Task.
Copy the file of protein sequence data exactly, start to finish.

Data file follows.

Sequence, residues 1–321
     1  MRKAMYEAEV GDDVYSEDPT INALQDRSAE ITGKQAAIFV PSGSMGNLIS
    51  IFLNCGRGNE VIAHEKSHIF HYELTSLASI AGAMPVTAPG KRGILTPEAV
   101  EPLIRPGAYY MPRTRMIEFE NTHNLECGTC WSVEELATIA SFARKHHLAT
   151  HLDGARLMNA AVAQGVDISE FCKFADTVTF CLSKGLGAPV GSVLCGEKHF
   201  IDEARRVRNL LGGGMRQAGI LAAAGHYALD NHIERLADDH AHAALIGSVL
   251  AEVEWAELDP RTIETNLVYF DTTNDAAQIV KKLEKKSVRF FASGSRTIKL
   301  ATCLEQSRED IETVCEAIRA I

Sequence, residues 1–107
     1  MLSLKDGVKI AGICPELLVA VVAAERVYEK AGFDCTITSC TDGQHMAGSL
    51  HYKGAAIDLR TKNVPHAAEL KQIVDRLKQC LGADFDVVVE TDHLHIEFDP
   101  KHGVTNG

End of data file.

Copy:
Sequence, residues 1–321
     1  MRKAMYEAEV GDDVYSEDPT INALQDRSAE ITGKQAAIFV PSGSMGNLIS
    51  IFLNCGRGNE VIAHEKSHIF HYELTSLASI AGAMPVTAPG KRGILTPEAV
   101  EPLIRPGAYY MPRTRMIEFE NTHNLECGTC WSVEELATIA SFARKHHLAT
   151  HLDGARLMNA AVAQGVDISE FCKFADTVTF CLSKGLGAPV GSVLCGEKHF
   201  IDEARRVRNL LGGGMRQAGI LAAAGHYALD NHIERLADDH AHAALIGSVL
   251  AEVEWAELDP RTIETNLVYF DTTNDAAQIV KKLEKKSVRF FASGSRTIKL
   301  ATCLEQSRED IETVCEAIRA I

Sequence, residues 1–107
     1  MLSLKDGVKI AGICPELLVA VVAAERVYEK AGFDCTITSC TDGQHMAGSL
    51  HYKGAAIDLR TKNVPHAAEL KQIVDRLKQC LGADFDVVVE TDHLHIEFDP
   101  KHGVTNG